CMEA and COCOM Abolished: Restructuring Precision Engineering Industry in Hungary
a revised version appeared in: A. Lorentzen, M. Rostgård (eds): The Aftermath of ‘Real Existing Socialism’ in Eastern Europe, Volume 2: People and Technology in the Process of Transition, pp. 210-236, Basingstoke: Macmillan, 1997
28 Pages Posted: 29 Dec 2013 Last revised: 13 Mar 2015
Date Written: November 1, 1993
The Hungarian precision engineering industry, although fairly successful in the pre-war period and able to survive all the adverse corollaries of planning and CMEA orientation, might be wiped out by the long-awaited marketisation: far more competitive and powerful foreign competitors can now enter both its former single most important market, i.e. the former Soviet Union, and the domestic market. Thus accumulated knowledge of R&D and production engineers as well as the experience of the highly skilled blue-collar workers, albeit of primary importance in this industry, might become completely worthless and disappear. Combined with fresh capital, access to new markets, recent technologies and up-to-date management methods, however, it can (and should) be regarded as a major asset and the indispensable basis for successful restructuring. This paper suggests that sweeping changes in size, ownership, internal organisation, and product range are also inevitable so as to be able to adjust to the new environment.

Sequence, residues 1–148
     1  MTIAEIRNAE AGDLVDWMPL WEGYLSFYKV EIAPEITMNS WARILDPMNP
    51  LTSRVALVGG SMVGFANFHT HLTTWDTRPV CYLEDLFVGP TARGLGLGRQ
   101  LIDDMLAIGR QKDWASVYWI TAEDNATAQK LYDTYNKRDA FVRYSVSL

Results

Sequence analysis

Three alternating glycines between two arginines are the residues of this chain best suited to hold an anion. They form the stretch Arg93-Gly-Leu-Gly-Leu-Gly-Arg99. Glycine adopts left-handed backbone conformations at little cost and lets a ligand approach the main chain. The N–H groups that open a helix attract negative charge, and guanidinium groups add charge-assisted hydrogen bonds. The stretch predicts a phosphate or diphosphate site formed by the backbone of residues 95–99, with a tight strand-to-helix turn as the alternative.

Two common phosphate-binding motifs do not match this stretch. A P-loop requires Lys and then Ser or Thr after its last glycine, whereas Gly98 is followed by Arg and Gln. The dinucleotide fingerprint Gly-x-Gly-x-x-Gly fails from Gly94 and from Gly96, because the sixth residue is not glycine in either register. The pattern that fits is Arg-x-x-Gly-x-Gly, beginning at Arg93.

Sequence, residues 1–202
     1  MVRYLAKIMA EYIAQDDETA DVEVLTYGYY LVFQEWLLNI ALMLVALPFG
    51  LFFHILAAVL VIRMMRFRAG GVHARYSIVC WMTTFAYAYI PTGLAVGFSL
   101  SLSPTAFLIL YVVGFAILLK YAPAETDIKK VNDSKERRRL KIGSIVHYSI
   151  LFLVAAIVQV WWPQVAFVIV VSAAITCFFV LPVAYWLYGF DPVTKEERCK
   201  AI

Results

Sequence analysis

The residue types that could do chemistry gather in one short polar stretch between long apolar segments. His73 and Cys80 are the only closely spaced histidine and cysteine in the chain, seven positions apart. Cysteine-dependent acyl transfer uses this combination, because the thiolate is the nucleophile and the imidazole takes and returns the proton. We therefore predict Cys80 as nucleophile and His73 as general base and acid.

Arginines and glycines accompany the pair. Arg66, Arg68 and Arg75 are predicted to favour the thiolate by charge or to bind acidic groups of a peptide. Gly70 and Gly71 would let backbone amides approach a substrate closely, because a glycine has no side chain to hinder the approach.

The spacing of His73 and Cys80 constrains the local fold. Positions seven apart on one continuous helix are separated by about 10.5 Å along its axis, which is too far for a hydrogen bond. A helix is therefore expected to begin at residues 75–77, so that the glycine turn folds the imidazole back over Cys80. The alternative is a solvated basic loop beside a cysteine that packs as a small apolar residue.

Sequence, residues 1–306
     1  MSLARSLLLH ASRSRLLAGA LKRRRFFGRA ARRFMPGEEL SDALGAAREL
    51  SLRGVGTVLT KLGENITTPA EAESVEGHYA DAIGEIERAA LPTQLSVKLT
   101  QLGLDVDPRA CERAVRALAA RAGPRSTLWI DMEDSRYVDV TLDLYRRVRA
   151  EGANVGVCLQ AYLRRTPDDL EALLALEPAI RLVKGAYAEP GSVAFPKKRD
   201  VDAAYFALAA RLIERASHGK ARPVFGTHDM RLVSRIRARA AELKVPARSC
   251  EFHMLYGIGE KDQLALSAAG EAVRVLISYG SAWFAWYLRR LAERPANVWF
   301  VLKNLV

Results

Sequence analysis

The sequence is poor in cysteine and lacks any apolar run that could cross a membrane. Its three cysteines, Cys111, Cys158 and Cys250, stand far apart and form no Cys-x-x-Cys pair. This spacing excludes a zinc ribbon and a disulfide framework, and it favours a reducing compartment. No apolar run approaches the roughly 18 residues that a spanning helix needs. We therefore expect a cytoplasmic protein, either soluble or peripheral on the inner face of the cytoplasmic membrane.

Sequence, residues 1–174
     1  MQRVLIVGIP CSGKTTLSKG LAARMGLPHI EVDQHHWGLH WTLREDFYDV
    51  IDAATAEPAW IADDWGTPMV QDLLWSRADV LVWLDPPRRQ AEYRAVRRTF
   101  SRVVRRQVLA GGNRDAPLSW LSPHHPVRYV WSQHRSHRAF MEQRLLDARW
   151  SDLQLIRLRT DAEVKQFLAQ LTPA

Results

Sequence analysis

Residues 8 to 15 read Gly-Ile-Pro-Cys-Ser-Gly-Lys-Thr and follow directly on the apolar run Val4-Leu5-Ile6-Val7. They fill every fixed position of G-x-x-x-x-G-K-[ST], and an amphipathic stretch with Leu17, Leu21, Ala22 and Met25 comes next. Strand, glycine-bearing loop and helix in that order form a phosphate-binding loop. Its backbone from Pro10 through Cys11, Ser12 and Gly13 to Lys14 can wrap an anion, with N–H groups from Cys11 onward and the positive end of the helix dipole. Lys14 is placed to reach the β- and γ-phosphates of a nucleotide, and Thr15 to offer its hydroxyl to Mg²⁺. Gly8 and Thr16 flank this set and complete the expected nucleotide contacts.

Keywords: precision engineering industry, privatization, Hungary
JEL Classification: P31
Suggested Citation: Suggested Citation